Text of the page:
The trail isn’t very good, it is used mostly by local dog-walkers like me. In fact, the only person we met during the hike was another old guy walking his dog. He told us the trail did indeed reach the saddle at the top of the canyon, and that it connected to the south with a track into the Hidden Valley Regional Park. That was nice, but on this day we wanted to fork north, to the lookout above my own neighborhood. He didn’t know anything about that.

We continued up and I was somewhat surprised to find we were walking along the path of a small running stream, which was unexpected in these parched hills. But at least we now knew where the wild horses that roamed the hills got their water.

As we approached the saddle we looked back and saw the Reno metropolis framed between sandy slopes, with 8,269 foot Peavine Peak and the Carson Range beyond:


Finally, upon cresting the saddle, Storey County was laid out for us in a high desert panorama that reminded me of my childhood in rural Orange County, CA (which hasn’t been rural for decades):


A glance back revealed 10,785 foot Mt Rose, our favorite local day hiking summit:


This is the mountain you see when you look north from almost anywhere along the shores of Lake Tahoe.

The hills up there were remarkably verdant, with far more vegetation that we are used to seeing in the Mojave Desert in Southern California. The largest plants were scraggly junipers and what I believe is a species of stunted fir, with dry grass thick upon the ground. Northern Nevada, I have learned, is far more flammable than Southern California, which surprises me.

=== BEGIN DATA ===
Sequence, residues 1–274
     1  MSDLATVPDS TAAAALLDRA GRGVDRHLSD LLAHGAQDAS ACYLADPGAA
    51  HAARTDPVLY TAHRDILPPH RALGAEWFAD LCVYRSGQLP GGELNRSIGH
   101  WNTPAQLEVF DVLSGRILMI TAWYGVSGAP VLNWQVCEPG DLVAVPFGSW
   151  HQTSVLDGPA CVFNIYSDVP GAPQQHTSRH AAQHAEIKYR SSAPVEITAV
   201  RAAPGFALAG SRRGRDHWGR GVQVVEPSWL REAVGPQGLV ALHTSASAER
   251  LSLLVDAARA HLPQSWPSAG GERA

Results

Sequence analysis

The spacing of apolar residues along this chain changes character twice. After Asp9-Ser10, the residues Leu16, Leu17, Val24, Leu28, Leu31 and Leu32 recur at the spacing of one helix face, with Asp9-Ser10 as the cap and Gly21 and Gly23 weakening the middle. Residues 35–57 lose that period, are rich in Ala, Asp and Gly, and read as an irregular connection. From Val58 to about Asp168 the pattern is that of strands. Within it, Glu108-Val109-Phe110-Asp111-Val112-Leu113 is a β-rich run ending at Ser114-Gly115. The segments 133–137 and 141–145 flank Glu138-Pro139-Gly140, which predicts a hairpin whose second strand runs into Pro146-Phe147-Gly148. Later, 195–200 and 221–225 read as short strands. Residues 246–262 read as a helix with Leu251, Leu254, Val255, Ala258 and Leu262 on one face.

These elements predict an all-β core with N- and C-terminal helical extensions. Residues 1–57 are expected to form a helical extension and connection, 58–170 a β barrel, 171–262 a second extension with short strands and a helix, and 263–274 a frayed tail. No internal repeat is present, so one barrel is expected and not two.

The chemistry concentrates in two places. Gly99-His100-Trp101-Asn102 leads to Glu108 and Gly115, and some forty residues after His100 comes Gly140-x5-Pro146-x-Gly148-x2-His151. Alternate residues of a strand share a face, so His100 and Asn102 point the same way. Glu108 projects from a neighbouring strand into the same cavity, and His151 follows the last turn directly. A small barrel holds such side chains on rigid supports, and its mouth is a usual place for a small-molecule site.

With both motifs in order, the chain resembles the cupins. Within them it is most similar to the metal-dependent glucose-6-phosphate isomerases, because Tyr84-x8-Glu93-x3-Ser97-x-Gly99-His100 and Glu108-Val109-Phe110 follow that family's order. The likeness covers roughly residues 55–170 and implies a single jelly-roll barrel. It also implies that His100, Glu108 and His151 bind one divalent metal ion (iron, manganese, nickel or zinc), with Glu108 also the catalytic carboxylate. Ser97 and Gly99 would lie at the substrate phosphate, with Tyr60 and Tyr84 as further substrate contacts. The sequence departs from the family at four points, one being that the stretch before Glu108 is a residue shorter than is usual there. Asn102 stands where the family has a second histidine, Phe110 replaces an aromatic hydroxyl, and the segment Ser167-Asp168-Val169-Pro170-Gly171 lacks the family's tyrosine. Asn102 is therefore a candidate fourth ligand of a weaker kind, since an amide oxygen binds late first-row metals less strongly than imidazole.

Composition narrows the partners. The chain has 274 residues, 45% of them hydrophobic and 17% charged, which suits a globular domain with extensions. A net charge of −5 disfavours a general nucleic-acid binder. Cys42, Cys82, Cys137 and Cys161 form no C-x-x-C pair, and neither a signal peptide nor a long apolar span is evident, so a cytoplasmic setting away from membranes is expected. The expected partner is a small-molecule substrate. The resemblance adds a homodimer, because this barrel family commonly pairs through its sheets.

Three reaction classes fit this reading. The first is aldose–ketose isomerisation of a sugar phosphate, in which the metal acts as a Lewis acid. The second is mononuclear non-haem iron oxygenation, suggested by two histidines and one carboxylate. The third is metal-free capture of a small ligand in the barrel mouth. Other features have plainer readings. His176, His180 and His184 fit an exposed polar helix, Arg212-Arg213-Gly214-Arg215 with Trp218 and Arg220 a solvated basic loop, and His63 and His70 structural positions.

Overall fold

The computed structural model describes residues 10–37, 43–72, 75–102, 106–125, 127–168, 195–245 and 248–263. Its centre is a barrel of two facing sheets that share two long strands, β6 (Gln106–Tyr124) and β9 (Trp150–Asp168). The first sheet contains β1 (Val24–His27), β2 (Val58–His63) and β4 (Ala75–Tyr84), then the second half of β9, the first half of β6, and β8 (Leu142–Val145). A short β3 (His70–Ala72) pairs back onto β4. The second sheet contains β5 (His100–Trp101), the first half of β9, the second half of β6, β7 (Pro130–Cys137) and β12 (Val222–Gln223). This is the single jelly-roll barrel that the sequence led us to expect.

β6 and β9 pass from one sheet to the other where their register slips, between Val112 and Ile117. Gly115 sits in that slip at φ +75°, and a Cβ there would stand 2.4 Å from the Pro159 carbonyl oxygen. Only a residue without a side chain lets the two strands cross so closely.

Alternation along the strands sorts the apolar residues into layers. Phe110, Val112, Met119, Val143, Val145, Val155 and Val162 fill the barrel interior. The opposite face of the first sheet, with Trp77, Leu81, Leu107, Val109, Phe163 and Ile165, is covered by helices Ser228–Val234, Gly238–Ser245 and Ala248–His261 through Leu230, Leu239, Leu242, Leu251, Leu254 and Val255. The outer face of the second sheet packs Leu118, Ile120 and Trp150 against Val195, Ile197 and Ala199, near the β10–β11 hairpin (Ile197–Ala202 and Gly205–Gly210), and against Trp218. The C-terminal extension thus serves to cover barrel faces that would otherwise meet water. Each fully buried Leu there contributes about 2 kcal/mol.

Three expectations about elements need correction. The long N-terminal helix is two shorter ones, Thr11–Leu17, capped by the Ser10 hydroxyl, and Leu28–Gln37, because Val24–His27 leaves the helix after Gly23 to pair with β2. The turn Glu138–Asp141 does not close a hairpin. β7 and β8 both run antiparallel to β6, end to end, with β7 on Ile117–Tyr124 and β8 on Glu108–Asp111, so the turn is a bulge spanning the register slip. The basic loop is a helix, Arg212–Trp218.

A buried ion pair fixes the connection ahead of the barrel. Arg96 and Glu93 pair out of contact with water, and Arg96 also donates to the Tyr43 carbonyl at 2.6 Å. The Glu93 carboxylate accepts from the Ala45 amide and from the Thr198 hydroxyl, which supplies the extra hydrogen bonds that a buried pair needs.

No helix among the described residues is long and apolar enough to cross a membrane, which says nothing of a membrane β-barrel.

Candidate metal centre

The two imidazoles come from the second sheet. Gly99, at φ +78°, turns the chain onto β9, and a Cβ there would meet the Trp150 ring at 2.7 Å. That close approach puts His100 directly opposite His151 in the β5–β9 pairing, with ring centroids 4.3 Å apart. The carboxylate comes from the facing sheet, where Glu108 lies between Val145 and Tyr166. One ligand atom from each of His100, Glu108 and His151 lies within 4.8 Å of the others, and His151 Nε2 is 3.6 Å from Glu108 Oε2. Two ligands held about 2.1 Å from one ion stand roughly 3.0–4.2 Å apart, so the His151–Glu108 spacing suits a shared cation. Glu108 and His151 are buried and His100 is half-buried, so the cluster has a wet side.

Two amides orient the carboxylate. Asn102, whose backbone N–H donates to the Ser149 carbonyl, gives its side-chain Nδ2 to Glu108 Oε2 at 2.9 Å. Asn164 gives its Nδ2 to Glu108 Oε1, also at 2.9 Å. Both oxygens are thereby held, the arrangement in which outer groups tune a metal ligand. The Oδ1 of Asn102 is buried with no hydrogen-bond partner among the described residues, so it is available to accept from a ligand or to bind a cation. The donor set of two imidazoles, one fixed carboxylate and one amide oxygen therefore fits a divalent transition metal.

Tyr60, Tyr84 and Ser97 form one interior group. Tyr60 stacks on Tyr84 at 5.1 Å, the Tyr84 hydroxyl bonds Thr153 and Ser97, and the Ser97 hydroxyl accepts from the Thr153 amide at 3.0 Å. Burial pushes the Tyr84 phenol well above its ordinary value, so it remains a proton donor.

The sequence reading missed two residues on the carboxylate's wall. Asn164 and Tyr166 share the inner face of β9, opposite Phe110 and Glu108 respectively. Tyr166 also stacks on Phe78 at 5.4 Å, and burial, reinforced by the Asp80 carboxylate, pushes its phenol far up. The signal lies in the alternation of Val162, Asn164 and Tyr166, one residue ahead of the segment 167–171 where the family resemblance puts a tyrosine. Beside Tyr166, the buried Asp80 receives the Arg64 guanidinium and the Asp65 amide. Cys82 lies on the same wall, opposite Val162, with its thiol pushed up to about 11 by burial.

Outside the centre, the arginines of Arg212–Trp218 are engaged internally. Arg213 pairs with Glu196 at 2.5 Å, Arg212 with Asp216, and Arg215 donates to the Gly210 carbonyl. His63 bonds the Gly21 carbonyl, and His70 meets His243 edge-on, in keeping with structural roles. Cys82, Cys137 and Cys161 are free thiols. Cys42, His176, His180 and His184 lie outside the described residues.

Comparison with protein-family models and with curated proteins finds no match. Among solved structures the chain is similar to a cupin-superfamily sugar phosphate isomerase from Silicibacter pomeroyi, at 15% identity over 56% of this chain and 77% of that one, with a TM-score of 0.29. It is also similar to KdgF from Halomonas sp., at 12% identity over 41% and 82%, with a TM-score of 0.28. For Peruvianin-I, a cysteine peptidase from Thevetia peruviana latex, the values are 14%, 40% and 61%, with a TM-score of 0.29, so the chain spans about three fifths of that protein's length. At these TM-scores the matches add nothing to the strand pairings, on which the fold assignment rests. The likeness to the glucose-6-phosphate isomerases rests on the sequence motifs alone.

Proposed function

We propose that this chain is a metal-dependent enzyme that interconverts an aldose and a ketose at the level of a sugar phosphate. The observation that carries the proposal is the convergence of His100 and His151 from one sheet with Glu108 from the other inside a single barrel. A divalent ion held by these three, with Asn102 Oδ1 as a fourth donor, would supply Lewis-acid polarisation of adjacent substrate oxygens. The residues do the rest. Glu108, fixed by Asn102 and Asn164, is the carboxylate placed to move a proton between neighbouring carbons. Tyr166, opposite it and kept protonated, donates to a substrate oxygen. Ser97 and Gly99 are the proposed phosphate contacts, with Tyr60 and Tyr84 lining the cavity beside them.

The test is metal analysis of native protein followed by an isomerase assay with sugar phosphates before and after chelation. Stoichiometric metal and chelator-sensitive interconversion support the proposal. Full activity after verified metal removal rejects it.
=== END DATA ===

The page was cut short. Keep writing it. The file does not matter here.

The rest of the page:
We found a small footpath heading to the north from the saddle, and followed it to a dirt utility access road that took us up to the high point of the ridge above our house. It was getting hot. We should have started an hour earlier than we did.


I brought water, of course, but it was Bella who drank most of it.

We crested the high ridge (about 5,800 feet) and looked back down toward Reno and our own home (which is at about 4,600 feet):


Our house is visible left of center, and of course downtown Reno is at upper right. The Reno-Tahoe Airport separates us from the rest of the city, and Steamboat Creek, a tributary of the Truckee, supplies a wetlands that thrusts Hidden Valley into the headlines every year there is excessive flooding (fortunately, our house is up in the hills).